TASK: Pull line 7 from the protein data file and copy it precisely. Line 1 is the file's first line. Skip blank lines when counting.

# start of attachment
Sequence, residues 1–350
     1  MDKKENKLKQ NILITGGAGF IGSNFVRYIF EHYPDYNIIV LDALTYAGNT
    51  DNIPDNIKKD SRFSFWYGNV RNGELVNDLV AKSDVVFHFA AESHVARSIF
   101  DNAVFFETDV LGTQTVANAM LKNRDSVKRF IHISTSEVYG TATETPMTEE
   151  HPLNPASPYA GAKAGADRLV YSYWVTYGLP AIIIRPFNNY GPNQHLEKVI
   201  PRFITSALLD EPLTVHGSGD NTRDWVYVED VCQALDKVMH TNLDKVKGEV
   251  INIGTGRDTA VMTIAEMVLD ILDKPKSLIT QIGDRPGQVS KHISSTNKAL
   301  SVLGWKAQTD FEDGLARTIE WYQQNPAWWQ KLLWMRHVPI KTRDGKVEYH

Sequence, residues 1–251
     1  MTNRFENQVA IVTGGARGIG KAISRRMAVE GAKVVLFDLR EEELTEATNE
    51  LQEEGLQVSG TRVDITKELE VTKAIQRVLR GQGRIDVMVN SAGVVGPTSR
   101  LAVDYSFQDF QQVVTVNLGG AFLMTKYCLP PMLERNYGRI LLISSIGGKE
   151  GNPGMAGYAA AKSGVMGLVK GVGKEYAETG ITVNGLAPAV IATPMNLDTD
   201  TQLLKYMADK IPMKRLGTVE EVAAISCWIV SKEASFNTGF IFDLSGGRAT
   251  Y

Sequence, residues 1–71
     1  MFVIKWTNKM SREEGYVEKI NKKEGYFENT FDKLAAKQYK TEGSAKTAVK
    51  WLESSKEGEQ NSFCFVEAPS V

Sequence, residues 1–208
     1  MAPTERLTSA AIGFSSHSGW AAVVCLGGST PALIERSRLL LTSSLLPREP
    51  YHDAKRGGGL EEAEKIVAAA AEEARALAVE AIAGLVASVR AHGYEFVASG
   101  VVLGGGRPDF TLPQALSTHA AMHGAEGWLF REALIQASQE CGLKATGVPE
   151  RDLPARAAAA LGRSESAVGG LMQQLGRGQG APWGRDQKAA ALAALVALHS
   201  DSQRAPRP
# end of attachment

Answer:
   251  INIGTGRDTA VMTIAEMVLD ILDKPKSLIT QIGDRPGQVS KHISSTNKAL